9. Under Order VI, Rule 16, the Court is enabled to strike out a pleading (a) which may be unnecessary, scandalous, frivolous or vexatious or (b) which may tend to prejudice embarrass or delay the fair trial of the suit; or (c) which is otherwise an abuse of the process of the Court. We have already pointed out that it is not the case of the first respondent that the pleading in the election petition is vitiated by all or any one of the aforesaid defects mentioned in the rule. Hence striking out parts of the pleading in this case was not at all justified. 10. On the other hand, Rule 11 of Order VII enjoins the Court to reject the plaint where it does not disclose a cause of action. There is no question of striking out any portion of the pleading under this rule. The application filed by the first respondent in O.A. No. 36/97 is on the footing that the averments in the election petition did not contain the material facts giving rise to a triable issue or disclosing a cause of action. Laying stress upon the provisions of Order VII, Rule 11 (a), learned senior counsel for the first respondent took us through the entire election petition and submitted that the averments therein do not disclose a cause of action. On a reading of the petition, we do not find it possible to agree with him. The election petition as such does disclose a cause of action which if unrebutted could void the election and the provisions of O.VII R.11(a) C.P.C. can not therefore be invoked in this case. There is no merit in the contention that some of the allegations are bereft of material facts and as such do not disclose a cause of action. It is elementary that under O.VII R.11 (a) C.P.C., the Court can not dissect the pleading into several parts and consider whether each one of them discloses a cause of action. Under the rule, there can not be a partial rejection of the plaint or petition. See Roop Lal Sathi Versus Nachhattar Singh Gill (1982) 3 S.C.C. 487. We are satisfied that the election petition in this case could not have been rejected in limine without a trial. 11. Designedly, we are refraining from adverting to the arguments pertaining to each allegation of corrupt practice, lest any observation by us might affect the views of the trial judge. Suffice it to point out that this court has repeatedly clarified the difference between "material facts" and "full particulars" and the different consequences of failure to set out either of them. In L.R. Shivaramagowda, Etc. Vs. T.M. Chandrashekar Etc. (1998) 6 Scale 361 cited by counsel on both sides, the case law has been traced and the propositions are reiterated. 12. The following rulings relied on by learned senior counsel for the first respondent have no application here as they were all rendered in election petitions disposed after trial. (a) Surinder Singh Vs. Hardial Singh & Ors. (1985) 1 S.C.C.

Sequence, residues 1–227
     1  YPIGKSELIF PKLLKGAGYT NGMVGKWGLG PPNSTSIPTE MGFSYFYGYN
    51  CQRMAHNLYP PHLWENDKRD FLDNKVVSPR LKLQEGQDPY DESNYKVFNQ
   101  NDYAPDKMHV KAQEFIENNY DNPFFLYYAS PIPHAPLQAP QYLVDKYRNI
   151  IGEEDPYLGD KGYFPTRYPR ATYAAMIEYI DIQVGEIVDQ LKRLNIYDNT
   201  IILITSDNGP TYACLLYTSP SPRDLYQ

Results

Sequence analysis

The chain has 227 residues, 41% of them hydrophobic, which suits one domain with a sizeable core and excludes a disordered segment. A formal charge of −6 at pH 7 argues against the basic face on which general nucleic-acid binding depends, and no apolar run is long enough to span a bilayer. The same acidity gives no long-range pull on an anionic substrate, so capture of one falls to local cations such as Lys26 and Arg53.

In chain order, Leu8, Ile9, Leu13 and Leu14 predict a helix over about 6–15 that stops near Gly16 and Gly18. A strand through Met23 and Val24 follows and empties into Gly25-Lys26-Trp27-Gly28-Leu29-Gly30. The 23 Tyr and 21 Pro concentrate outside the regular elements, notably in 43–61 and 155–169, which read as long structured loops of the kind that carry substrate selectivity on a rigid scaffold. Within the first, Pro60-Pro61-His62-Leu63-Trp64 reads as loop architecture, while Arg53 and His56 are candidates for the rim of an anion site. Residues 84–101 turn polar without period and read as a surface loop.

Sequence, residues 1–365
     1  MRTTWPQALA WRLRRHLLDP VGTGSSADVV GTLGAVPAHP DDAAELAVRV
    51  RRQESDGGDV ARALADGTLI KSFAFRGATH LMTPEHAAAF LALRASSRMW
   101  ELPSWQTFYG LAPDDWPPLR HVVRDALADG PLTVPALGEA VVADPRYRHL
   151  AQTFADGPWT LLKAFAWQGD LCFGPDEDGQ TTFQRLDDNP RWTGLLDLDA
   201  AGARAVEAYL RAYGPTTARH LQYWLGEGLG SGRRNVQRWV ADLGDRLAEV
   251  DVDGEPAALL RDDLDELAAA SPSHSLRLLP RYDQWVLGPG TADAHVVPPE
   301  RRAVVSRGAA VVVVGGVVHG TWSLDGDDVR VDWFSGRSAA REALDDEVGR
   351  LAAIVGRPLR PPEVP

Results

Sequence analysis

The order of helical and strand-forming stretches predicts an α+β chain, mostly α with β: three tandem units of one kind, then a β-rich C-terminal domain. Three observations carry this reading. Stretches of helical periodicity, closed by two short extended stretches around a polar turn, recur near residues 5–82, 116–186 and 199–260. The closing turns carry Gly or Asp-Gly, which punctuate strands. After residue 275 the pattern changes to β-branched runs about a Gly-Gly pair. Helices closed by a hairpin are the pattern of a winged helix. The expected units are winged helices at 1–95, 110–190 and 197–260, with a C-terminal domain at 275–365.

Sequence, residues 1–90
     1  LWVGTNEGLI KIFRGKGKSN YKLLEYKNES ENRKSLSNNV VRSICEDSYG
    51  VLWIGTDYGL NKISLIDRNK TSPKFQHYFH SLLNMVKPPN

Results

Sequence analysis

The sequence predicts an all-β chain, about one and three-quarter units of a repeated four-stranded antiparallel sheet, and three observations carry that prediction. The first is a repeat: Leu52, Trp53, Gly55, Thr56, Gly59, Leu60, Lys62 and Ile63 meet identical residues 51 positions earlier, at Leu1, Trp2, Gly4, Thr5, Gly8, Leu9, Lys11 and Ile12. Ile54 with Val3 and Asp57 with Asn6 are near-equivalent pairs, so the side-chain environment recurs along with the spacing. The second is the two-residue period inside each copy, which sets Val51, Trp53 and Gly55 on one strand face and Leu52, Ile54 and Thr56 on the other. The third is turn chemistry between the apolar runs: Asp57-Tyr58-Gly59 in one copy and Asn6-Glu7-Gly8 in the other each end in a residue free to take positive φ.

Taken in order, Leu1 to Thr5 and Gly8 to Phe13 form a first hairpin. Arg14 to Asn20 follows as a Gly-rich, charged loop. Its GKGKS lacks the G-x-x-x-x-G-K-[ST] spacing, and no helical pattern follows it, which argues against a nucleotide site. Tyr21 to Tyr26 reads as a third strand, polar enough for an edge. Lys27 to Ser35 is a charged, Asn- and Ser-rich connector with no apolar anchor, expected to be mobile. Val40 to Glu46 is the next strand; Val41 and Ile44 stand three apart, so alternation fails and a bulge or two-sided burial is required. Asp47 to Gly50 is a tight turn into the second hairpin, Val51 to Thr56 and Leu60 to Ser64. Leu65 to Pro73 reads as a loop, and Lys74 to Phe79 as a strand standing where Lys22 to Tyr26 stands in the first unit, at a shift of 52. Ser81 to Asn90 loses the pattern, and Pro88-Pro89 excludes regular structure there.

91. (b) Manohar Joshi Vs. Nitin Bhaurao Patil & Anr. (1996) 1 S.C.C. 169. (c) Moreshwar Save Vs. Dwarkadas Yashwantrao Pathrikar (1996) 1 S.C.C. 394. (d) Ramakant Mayekar etc. Vs. Celine D'Silva(Smt.) Etc. (1996) 1 S.C.C. 399. 13. The decision in Ram Chand Bhatia Vs. Shri Hardyal (1986) 2 S.C.C. 121 making a distinction between statements assailing personal character and those assailing public or political character of a candidate is not relevant at this stage. As pointed out by the Bench in that case, the question would depend on the facts of each case. Such facts can be determined only at the trial. The decision in Azhar Hussain Vs. Rajiv Gandhi 1986 (Supp) S.C.C. 315 relied on by learned senior counsel turned on the facts of the case and has no relevance in this case.14. In the view, we have expressed, it is not necessary for us to refer in detail to the rulings relied upon by learned counsel for the appellant. 15. As regards O.A. 186/97, the approach of the learned judge is totally erroneous as he has not kept in mind the distinction between "material facts" and "full particulars". Nor has be correctly appreciated the decisions of this Court referred to by him. We do not want to express any opinion at this stage on the additional documents produced by the appellant. The trial court may decide the application in the light of the relevant judgments of this Court, in particular, those laying down the difference between "material facts" and "full particulars". Hence the order in O.A. 186/97 is set aside and the application is remanded for fresh disposal in accordance with law. 16. In the result, we hold that the judgment of the High Court is unsustainable and it is hereby set aside. The appeal is allowed and E.P. 3/96 is restored to file. O.A.36/97 stands dismissed. We request the High Court to expeditiously dispose of the election petition on merits. There will no order as to costs.